Vegans Bring Pleather’s Sexy Back

No meat! No eggs! No milk! No Cheese!? Hold up.

It’s that cheese that usually gets ‘em, but I figured out how to eat a vegan diet. I read Beauty
Detox Diet by Kimberly Snyder and watched Forks Over Knives. This vegetarian was sold and it was easy to take the next step to eating vegan. I could live longer, age slower, prevent disease, save hundreds of gallons of water, reduce deforestation, reduce dead zones in the ocean, and have better skin? Sold.

“Vegan?” they say with eyebrows raised. We know they’re thinking (and sometimes say) they
think we are crazy, bold, dumb, self-righteous, brave, or a crunchy hippy. Sometimes it invites questions, but usually not.

We don’t preach. It’s not the best way to change hearts and minds. At the end of the day, we don’t care, we’ve made our choice and we want to embody it fully.

From food to fashion

Eat vegan diet. Check. Next up, vegan wardrobe. What? How does that work?

Vegans have added their stamp to materials that look like leather and have coined the term
“Vegan Leather”. So much sexier than the “pleather” we grew up with, reminding us constantly that the material is essentially plastic. The problem is that many online retailers claim their products are “vegan leather” but aren’t transparent about what they’re actually made of.

Not all vegan leather is the same.

And some of it still is just plastic of the worst kind. How can we be vegan in diet and in our
wardrobe without hurting the environment?

A guide to navigating Vegan Leather

1. Avoid PVC – This is sometimes called “vegan leather” and trying to ride the new wave of vegan chic, but it’s one of the most polluting of all materials.

2. PU – It’s slightly less evil than PVC. PU is degradable polyurethane and sometimes crafted into a desirable shape like this. This site is tricky because some of the items are clearly identified as PU, and other purses just say they are “vegan friendly, man made”. My hunch is that that the “vegan friendly” is PVC. No bueno.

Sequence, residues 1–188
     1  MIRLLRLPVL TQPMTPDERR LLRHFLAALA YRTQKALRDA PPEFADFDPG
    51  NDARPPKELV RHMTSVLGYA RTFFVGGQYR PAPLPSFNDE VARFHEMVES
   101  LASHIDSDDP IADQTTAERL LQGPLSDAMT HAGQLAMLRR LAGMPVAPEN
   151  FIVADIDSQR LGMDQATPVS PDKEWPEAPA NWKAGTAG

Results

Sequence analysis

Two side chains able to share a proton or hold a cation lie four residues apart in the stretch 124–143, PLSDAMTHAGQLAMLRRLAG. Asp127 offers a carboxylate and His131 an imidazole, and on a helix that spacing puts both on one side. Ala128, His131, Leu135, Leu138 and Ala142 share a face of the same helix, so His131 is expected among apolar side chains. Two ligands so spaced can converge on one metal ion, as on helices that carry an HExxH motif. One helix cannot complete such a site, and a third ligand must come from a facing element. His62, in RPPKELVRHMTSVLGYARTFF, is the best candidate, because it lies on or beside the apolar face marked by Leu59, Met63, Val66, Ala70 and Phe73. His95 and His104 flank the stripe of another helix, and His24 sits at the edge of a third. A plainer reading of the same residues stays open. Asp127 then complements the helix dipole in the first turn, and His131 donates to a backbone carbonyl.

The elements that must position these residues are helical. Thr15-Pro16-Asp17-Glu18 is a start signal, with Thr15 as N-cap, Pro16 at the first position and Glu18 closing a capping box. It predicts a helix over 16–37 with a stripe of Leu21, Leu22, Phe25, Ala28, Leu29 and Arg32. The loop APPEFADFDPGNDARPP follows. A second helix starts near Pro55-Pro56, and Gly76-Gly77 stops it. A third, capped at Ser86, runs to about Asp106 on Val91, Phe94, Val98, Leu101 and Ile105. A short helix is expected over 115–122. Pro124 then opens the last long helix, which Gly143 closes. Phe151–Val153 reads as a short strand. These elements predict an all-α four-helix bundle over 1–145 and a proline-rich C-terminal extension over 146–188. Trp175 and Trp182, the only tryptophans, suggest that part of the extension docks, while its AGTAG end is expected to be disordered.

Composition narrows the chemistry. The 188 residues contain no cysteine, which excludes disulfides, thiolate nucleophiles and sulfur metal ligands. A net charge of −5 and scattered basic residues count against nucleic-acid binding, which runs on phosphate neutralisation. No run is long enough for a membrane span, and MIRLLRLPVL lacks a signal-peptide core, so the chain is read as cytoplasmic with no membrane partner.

bag13. Cork – It has the smoothness, durability, texture, and natural colour variations that are all benefits of leather. Cork purses and belts look fantastic. Ivanka Trump is on it with shoes too.

4. Glazed Organic Cotton – My favorite diaper bag was made by the amazing Petunia Pickle Bottom who has been making gorgeous bags for years. They’re so pretty I use it even though my babies are grown. It has the smoothness and durability of leather, with the added benefit of endless patterns.

5. Paper – Yes. Just paper. The designers at Paper No. 9 have made beautiful purses you would never guess are made from paper.

bag26. Cardboard – It definitely has a unique look and is not trying to resemble leather, but it makes a statement. The durability holds up for purses and bags.

7. Barkcloth – Made from the bark of fig trees, primarily in Uganda, this material is strong and takes on unique patterns after it’s processed. It’s great for purses and upholstery. It’s easier to find vintage pieces made of barkcloth right now and if you search for it, you may have memories of your grandma’s rec room.

You want another easy alternative ? Your dollars have power another way:

1. Buy pre-owned – Visit that thrift shop friends! They are the best. Even if we got a real leather or PVC Pleather pair of shoes, we wouldn’t be contributing to creating more of it in the world. However, let’s never miss the opportunity to tell people it’s second hand (and why we chose it) when they compliment us on our style.

2. Buy Up-cycled – I have a bag that is made from tire scraps, leather scraps and old seat belts collected in Central America. That’s an up-cycling match made in heaven. And it looks great.

Sometimes it feels like there is no good way to live sustainably unless we grow our own produce and have a couple of sheep in the back yard for spinning wool. Then we’d have to knit and garden like crazy.

These vegan options relieve you of that potentially disastrous undertaking while still making ethical choices good for people and the earth

Read our article on leather tanning in Bangladesh, Lives Lost to Leather.


About the Author

Jenny Arrington is a yoga teacher and founder of Karma Trik, a garment made from one piece of cloth that can be worn 15 ways. She attended the MIT Global Entrepreneur Bootcamp where Karma Trik was chosen to pitch. She is also mother of two girls, fundraiser, community collaborator, and amateur aerialist.

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